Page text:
carried out by people who interact with water treatment equipment and processes, operational
performance indicators may be key to understanding the mechanisms behind desirable WSP
impacts such as water quality and public health improvement.
Method: This study reports performance measures collected at a WSP implementation
location in southwestern France over several years.
Results: Quantitative assessment of performance measures supported qualitative reports from
utility managers. Results indicate significantly reduced duration of low-chlorine events at one
production facility and a significant decrease in customer complaints related to water quality,
manifesting reported improvements in operational performance and the customer service
culture.
Conclusion: The findings demonstrate some success stories and potential areas of future
performance tracking. Cyclical iteration of the WSP can help to achieve continuous quality
improvement. Successfully applied evaluation criteria such as the number of water quality
complaints or alarm resolution time might be useful across other locations.

Version 1
18. September 2018.
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by WHO et al., 18. September, 2018

Strengthening operations & maintenance through water safety planning: A collection of case studies

by WHO et al., 18. September, 2018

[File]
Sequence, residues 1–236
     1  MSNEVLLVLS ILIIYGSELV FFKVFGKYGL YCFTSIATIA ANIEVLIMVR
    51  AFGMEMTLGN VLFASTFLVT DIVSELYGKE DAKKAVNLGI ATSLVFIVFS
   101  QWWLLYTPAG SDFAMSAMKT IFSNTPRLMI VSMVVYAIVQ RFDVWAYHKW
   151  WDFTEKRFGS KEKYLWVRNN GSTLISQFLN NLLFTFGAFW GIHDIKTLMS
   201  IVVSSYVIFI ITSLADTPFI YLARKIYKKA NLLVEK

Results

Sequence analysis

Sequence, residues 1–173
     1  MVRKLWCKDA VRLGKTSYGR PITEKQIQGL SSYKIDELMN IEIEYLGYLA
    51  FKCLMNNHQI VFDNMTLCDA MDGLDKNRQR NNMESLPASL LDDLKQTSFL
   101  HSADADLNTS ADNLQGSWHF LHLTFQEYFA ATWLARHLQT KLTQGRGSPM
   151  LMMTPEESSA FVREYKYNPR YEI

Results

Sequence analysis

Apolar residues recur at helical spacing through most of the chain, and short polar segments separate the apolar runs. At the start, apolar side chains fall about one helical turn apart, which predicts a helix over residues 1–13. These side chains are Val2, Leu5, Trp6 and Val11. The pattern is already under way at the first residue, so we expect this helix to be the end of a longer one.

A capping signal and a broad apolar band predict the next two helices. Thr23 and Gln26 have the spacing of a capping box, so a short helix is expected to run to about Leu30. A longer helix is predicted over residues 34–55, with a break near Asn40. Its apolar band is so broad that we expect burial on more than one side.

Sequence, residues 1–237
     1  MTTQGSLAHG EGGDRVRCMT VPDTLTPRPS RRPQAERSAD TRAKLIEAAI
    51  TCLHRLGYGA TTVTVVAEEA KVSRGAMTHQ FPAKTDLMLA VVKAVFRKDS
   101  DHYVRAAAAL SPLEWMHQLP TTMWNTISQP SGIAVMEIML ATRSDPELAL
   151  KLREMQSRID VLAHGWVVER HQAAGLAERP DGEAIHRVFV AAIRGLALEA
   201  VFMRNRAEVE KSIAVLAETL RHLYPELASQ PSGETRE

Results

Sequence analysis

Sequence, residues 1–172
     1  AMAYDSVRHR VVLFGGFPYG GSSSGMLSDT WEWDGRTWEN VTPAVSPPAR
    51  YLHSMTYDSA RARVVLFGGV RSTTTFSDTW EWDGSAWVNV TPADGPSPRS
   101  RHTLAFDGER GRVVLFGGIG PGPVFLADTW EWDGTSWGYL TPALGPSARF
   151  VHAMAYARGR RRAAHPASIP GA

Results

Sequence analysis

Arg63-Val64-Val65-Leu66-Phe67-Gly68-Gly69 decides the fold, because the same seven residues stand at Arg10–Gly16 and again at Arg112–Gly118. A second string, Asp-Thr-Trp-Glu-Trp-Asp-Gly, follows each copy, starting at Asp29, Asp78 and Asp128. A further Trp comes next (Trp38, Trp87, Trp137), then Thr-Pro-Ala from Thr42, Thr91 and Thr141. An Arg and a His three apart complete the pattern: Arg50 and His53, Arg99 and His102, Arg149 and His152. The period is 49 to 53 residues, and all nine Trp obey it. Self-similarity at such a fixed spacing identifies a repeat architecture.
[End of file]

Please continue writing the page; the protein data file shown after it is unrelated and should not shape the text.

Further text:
This document presents case studies from lower and higher income settings around the world that highlight O&M benefits resulting from WSP implementation. These case studies contribute to a growing body of information on the outcomes of water safety planning and may be useful in building support for WSPs among water sector senior managers, operational staff and other stakeholders.

Version 1
26. July 2018.
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by Federal Ministry of Water et al., 01. July, 2015

Climate Resilient Water Safety Strategic Framework Ethiopia

by Federal Ministry of Water et al., 01. July, 2015

This framework provides the strategic blueprint to develop a climate orientated risk assessment and management approach for drinking-water supplies, from catchment to consumer.

Considered global best practice, WHO advocates for the WSP approach as the most consistent means to ensure the safe and reliable supply of safe drinking-water. Adapted to the Ethiopian context, this document outlines a roadmap for the national scale-up of climate resilient WSPs.

Version 1
26. July 2018.
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by Government of Nepal et al., 02. October, 2017

Training Package on Climate Resilient Water Safety Plan (CR-WSP)

by Government of Nepal et al., 02. October, 2017

This training toolkit aims to support  roll-out of climate resilient WSPs in Nepal by capacitating national trainers. The training materials are based on international (WHO) and national (Department of Water Supply & Sanitation) best practices and experiences.

The training toolkit contains a “Facilitators handbook”, “Participants workbook” and presentations, to support the successful and consistent delivery of the national climate resilient WSP training program.